'Underdog' Western Building on 2017 Run

By Tom Markowski
Special for Second Half

September 27, 2018

DETROIT – Few equate competitive soccer with teams from Detroit, especially those in the Detroit Public School League. And that’s just fine with Detroit Western coach Forest Farmer and his players.

Being an underdog can work to one’s advantage.

Western is one of two schools in the PSL (Detroit Cass Tech is the other) that sponsors a boys soccer team that competes in the MHSAA Playoffs. Western’s program had its beginnings during the 2002-03 school year, and last season the Cowboys came of age.

Western won the school’s first District title in the sport by defeating Dearborn Fordson, 7-1, in the final. The Cowboys had opened tournament play by downing Wyandotte Roosevelt, 6-1, and then defeating, U-D Jesuit, 2-1 in a shootout, in the District Semifinal.

Western lost to Detroit Catholic Central, 3-0, in a Regional Semifinal, and the Shamrocks went on to win the Division 1 championship.

That was Western’s only loss, as the Cowboys finished 18-1-2. This season they are 4-2.

Since the MHSAA began sponsoring the boys soccer tournament in 1982, all but three Class A/Division 1 championships have been won by public schools in suburban Detroit or more recently Grand Rapids, or by members of the Detroit Catholic League.

It’s a struggle for programs like Western and Cass Tech to be successful. Coaches from established programs often don’t look to schedule teams like Western and Cass Tech because there’s at least the perception that teams from the city won’t be competitive and the games will be lopsided.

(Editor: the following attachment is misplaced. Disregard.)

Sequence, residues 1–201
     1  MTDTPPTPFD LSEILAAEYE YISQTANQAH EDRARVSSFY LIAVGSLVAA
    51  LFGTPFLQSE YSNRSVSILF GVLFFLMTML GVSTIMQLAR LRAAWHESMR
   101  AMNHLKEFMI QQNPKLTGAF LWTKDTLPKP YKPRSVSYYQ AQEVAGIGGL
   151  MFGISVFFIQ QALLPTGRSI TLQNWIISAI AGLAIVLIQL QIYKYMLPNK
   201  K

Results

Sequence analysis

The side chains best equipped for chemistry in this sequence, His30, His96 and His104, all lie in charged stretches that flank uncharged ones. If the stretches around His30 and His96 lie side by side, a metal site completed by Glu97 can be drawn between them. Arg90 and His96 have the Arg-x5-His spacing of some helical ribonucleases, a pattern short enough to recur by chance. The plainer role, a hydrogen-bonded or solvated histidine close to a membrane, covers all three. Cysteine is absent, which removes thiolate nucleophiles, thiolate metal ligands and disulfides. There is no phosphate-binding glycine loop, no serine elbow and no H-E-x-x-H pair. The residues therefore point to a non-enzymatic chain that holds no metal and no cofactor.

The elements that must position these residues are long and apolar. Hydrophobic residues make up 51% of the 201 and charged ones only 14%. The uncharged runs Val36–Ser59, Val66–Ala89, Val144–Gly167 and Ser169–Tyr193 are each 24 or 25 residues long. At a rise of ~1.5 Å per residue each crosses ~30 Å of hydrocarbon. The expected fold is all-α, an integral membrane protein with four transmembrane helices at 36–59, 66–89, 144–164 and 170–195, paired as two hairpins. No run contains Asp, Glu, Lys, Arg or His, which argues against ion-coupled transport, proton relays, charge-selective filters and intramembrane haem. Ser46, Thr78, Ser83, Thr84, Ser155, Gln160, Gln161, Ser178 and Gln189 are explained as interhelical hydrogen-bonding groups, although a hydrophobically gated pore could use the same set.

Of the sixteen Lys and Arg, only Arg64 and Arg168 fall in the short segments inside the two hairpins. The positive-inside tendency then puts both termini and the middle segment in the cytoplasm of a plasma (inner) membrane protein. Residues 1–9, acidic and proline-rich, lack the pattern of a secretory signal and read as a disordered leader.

“We basically play whoever we can,” said the 50-year-old Farmer, who’s now in his sixth season as Western’s head coach. “We’re able to schedule 13 to 14 games while others play 18 or so. We’re not in a league. We’d like to get into a league.”

Farmer said he’s grateful for programs like those from Birmingham Seaholm and Birmingham Brother Rice that annually schedule Western. By playing these established programs, the Cowboys are able to gauge where they are as a team and better prepare for the MHSAA tournament. 

Farmer jumped at the opportunity to coach at Western. He played soccer at Rochester Adams and dabbled in coaching other sports, like baseball and football, before he returned to soccer. He said initially he had difficulty convincing students to participate. But once they bought into what he was trying to teach, the numbers started to increase.

Western doesn’t have a freshman or a junior varsity team, but there are 22 athletes in the program. Sure, Farmer would love to have a sub-varsity team help feed the varsity. But the silver lining is he is able to coach his players all four years of their high school careers.

“I’m tough on them. All of the kids want to learn, and they know what to expect,” he said. “And the parents love it. I get tremendous support. Here, I get to run the team like I want to. It’s old school.”

A handful of Farmer’s players have gone on to play in college, including Dylan Borzcak, a sophomore midfielder at Oakland University. Generally, Farmer will encourage his players to go to college, first and foremost. Then, if they do plan on playing soccer, he often suggests somewhere like nearby Schoolcraft College to get their feet wet – as Borzcak did before transferring to Oakland.

Steve Sanchez, 17, is one of four seniors on Western’s team. Not only has soccer been his main sport throughout his life, but he’s never played anything else. Even so, Sanchez, a defender, does not plan on playing soccer in college. He has a 3.5 grade-point average and is planning on majoring in engineering.

“My family has always been a soccer family,” he said. “My dad (Paramon Sanchez) played soccer when he was younger, and I grew up watching my brother, Paramount, play (at Western).